There are many examples, from across the world, which demonstrate the power of participatory and deliberative processes in providing a framework for citizens, experts included, to come together and make decisions about complex issues. Matthew Taylor’s recent blog calls for ‘policy making to put citizens and mobilisation at its heart’. This is certainly the case with deliberative engagement.

One of the most famous examples, Porto Alegre in Brazil, much cited because of both the power it put into citizens hands and its long term success, enabled the city’s inhabitants to come together and decide how to direct funds, and to what end.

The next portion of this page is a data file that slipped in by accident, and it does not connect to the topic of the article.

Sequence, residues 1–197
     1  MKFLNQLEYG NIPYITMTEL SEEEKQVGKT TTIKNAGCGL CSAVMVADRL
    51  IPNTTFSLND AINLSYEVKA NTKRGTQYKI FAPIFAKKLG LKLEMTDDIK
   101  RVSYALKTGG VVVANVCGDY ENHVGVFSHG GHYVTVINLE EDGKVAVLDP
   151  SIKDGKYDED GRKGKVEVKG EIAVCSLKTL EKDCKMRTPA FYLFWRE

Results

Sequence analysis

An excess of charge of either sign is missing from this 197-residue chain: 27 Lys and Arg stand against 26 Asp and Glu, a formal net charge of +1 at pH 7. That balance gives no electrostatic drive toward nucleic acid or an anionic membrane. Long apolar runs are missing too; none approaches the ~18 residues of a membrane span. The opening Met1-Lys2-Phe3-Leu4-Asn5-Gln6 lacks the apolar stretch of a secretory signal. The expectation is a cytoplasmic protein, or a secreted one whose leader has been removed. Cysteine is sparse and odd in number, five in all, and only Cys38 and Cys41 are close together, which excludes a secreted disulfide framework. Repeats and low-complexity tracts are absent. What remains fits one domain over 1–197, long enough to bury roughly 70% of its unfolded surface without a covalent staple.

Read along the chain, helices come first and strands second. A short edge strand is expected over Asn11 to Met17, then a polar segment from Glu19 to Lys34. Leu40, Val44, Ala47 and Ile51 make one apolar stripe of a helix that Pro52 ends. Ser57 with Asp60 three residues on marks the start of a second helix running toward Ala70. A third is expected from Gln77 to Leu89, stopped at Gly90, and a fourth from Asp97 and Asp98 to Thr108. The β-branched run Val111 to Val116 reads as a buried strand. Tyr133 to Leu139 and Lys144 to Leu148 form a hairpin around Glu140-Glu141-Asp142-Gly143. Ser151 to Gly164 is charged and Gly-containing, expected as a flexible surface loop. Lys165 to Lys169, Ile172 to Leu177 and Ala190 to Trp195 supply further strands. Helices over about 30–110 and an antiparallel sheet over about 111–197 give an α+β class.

Facing the challenge of an unequal society, with endemic social challenges and infrastructure problems, the city took radical steps. In 1989 it began to ask its citizens how it should spend its municipal budget. Ten years later over 40,000 of its citizens were involved in making these decisions, through a process of meetings at district and city level, and the impacts were tangible: a 30 percent increase in houses connected to sewerage and water over the next ten years, a four-fold increase in schools and improved housing availability.

Almost half of Brazil’s 250 major cities followed suit and implemented this participatory budgeting process (in the region of 5-20 percent of the communities’ funds are allocated in this way). These cities saw strongly improved outcomes for citizens in areas of health, infrastructure and education. Participatory budgeting has now been embraced by communities around the world, from Scotland to Melbourne.